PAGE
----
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The most Overrated and Underrated Universities in the UK Watch

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    (Original post by Princepieman)
    Yes, because they have dedicated recruiters for each 'set' of universities they focus most of their recruiting efforts on. You forget as well that they have data from previous Vac Scheme/Trainee cohorts to draw from too... All of this can be gathered if you have the right ins/contacts.

    Unfortunately, I'm not going to sit and count every single event from both but it's pretty obvious the magnitude of events is greater at Warwick. They have both a Law society that holds events, and a commercial law society within the finance society that holds their own events too.


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    At Exeter, we have two societies which host events as well—one of which was created only 2 years ago and got Steve Edge to visit just a month ago. You really are showing you're clueless here when it comes to law.
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    (Original post by Princepieman)
    Yes, because they have dedicated recruiters for each 'set' of universities they focus most of their recruiting efforts on. You forget as well that they have data from previous Vac Scheme/Trainee cohorts to draw from too... All of this can be gathered if you have the right ins/contacts.

    Unfortunately, I'm not going to sit and count every single event from both but it's pretty obvious the magnitude of events is greater at Warwick. They have both a Law society that holds events, and a commercial law society within the finance society that holds their own events too.


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    Those "dedicated recruiters" are usually alumni - hardly dedicated in the way you're talking about. They have presentations, interrupt lecturers and have silly tea-parties.

    I am well aware that they have a list - you asked them to tell you about such lists, and they gave you a break-down? And that's from firms that recruit up to the 100s? Well.

    It's not obvious at all.
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    (Original post by *Stefan*)
    Vendetta? Wtf lol.

    You're trying to tell me that Warwick is not elevated to heaven by all Warwick students? Please...
    Dude, no one's elevating here.. In fact, the only one consciously trying to downplay a university (that has been targeted by and has supplied a solid proportion of recruits to law firms) is you.

    I even presented data collected by a third party, but nope, that's not good enough apparently.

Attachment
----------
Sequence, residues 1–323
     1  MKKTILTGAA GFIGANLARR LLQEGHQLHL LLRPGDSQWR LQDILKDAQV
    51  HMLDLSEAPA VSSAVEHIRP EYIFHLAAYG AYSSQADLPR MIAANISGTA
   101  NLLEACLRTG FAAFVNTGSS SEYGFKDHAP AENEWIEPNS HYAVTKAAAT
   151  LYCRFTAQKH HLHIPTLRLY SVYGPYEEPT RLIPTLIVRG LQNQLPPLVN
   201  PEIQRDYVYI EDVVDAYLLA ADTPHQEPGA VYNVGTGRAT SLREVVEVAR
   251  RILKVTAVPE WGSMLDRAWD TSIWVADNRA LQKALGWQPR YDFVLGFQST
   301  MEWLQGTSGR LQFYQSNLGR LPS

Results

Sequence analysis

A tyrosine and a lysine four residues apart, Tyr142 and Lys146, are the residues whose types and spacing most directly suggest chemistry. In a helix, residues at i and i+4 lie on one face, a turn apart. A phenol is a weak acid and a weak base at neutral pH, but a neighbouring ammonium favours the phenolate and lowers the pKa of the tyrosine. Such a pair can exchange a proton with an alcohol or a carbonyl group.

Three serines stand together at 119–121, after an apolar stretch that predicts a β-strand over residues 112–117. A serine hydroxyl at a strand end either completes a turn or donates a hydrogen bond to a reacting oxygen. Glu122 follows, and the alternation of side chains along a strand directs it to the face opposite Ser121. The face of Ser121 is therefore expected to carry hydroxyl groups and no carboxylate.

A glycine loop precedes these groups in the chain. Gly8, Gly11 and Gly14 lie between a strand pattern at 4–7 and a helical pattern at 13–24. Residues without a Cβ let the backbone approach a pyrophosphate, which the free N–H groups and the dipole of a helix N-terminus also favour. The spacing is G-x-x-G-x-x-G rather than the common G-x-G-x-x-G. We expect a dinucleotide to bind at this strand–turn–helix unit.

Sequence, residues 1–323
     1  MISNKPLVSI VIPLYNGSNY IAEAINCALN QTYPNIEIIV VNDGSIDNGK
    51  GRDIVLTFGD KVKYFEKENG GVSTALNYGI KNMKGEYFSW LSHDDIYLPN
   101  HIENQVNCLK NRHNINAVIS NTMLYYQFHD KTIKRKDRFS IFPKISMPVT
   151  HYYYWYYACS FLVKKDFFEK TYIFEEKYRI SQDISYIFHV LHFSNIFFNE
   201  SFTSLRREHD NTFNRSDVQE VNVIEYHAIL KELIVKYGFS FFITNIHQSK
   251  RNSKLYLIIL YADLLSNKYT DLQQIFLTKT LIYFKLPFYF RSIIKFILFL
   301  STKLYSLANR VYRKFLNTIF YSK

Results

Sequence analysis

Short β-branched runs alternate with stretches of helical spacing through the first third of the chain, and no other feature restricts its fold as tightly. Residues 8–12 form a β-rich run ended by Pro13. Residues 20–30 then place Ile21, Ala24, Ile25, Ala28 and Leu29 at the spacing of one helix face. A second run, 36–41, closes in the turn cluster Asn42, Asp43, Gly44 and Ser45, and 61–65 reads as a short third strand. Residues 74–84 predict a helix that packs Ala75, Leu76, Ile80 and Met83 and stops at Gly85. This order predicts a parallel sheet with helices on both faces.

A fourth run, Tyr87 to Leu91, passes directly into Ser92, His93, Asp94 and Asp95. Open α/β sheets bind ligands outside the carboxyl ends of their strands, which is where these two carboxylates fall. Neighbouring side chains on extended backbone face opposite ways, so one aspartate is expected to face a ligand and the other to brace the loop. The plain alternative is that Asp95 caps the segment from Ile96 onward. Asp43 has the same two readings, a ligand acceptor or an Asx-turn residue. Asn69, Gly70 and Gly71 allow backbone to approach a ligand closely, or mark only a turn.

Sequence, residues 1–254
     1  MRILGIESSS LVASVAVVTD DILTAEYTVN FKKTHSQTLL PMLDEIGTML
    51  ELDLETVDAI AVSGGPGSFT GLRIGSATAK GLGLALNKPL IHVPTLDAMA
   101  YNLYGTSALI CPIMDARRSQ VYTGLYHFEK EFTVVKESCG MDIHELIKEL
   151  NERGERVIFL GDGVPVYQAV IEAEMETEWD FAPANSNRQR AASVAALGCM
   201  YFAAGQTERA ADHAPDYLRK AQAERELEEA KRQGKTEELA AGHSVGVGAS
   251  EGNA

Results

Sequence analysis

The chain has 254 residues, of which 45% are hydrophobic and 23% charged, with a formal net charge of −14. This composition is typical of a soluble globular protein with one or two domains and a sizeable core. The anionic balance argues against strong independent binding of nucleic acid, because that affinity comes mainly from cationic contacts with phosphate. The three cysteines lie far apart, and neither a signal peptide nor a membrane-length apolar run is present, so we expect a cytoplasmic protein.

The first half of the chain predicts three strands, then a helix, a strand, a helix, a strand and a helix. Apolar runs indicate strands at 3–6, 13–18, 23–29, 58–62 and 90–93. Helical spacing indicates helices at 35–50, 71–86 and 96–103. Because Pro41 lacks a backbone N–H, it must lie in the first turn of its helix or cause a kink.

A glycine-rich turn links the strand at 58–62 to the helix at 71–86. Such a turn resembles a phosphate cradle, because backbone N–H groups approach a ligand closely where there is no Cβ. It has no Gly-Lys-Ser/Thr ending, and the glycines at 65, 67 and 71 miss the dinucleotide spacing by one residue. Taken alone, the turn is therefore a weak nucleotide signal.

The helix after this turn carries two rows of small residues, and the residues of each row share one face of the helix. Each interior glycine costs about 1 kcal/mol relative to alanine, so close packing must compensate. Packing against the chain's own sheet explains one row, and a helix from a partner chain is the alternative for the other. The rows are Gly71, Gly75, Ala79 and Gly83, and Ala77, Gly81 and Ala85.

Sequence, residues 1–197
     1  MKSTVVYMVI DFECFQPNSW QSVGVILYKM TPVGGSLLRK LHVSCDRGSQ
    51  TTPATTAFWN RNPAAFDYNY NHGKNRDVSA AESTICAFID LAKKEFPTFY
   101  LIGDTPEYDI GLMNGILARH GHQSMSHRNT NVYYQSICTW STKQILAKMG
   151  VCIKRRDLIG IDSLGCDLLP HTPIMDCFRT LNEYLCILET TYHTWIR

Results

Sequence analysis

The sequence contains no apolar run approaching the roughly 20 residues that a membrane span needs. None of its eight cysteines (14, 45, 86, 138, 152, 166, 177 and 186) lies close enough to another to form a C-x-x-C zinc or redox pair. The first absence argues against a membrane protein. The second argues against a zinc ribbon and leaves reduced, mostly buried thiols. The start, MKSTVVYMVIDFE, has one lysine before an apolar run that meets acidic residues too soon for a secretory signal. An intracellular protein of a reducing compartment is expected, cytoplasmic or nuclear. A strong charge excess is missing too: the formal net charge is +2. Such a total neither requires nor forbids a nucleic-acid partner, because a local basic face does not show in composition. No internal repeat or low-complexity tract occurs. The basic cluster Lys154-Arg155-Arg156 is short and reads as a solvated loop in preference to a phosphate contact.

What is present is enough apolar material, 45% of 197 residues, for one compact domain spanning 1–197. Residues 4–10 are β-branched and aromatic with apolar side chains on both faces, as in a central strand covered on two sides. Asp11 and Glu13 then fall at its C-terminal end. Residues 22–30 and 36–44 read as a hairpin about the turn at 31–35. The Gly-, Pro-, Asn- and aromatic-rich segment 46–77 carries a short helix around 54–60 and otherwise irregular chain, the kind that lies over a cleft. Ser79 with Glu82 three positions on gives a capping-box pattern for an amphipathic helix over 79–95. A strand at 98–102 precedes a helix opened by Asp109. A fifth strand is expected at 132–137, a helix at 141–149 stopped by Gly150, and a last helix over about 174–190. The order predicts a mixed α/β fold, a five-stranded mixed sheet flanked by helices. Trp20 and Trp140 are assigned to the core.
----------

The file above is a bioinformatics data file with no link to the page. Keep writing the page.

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    Underrated: Essex
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    (Original post by Princepieman)
    Dude, no one's elevating here.. In fact, the only one consciously trying to downplay a university (that has been targeted by and has supplied a solid proportion of recruits to law firms) is you.

    I even presented data collected by a third party, but nope, that's not good enough apparently.

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    Wait a minute. You do not think Warwick students on here generally are trying to present Warwick as a super-duper elite university?

    And I am not trying to downplay it - it's a good uni. I am simply weary of the people that think it's Oxbridge in everything it does.
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    (Original post by *Stefan*)
    Wait a minute. You do not think Warwick students on here generally are trying to present Warwick as a super-duper elite university?

    And I am not trying to downplay it - it's a good uni. I am simply weary of the people that think it's Oxbridge in everything it does.
    Some might, but they tend to be the ones studying subjects where it is a top tier player. But in general, I think most Warwick students are level headed about the university's standing.



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    (Original post by Princepieman)
    Some might, but they tend to be the ones studying subjects where it is a top tier player. But in general, I think most Warwick students are level headed about the university's standing.



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    Hardly.
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    (Original post by Princepieman)
    It's a pretty good guide, and in my opinion an accurate representation..

    From speaking to a fair number of recruiters in the London legal sector, this is how they 'bucketed' out universities for representation and where they recruit/receive most applications from - not in order:

    Bucket 1
    - Cambridge
    - Oxford

    Bucket 2
    - Bristol
    - Durham
    - LSE
    - KCL
    - Manchester (possibly)
    - Nottingham
    - UCL
    - Warwick

    Bucket 3
    - Birmingham
    - Exeter
    - Leeds
    - Sheffield
    - QMUL
    - etc.

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    Once you start working and in contact with recruiters regularly, you'll soon realise they talk out their arse.

    Some even thought a 2:2 is a made up degree class and others confused an S-Level with AS-Level.
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    Overrated: Aston
    Underrated: Bath
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    (Original post by RussellG)
    x
    I really enjoy your perspectives so again thank you for sharing them! Of course, I agree there are great US public universities, but like you said, judging by what I expect in an academic environment- the chances are slim that a top 30 school would even suit me. I could see myself liking UCBerkeley but that's really the only exception. I wouldn't even prefer UCLA